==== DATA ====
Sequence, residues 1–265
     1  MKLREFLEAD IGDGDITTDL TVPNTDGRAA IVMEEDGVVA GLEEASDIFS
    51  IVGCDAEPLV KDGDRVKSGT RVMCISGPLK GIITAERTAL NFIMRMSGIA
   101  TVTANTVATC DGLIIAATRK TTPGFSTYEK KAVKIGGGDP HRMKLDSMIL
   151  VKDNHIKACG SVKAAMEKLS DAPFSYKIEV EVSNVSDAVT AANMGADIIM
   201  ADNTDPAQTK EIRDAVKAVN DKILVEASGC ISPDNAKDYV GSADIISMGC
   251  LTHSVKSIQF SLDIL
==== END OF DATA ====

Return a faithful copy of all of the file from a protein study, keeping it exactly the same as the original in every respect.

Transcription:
Sequence, residues 1–265
     1  MKLREFLEAD IGDGDITTDL TVPNTDGRAA IVMEEDGVVA GLEEASDIFS
    51  IVGCDAEPLV KDGDRVKSGT RVMCISGPLK GIITAERTAL NFIMRMSGIA
   101  TVTANTVATC DGLIIAATRK TTPGFSTYEK KAVKIGGGDP HRMKLDSMIL
   151  VKDNHIKACG SVKAAMEKLS DAPFSYKIEV EVSNVSDAVT AANMGADIIM
   201  ADNTDPAQTK EIRDAVKAVN DKILVEASGC ISPDNAKDYV GSADIISMGC
   251  LTHSVKSIQF SLDIL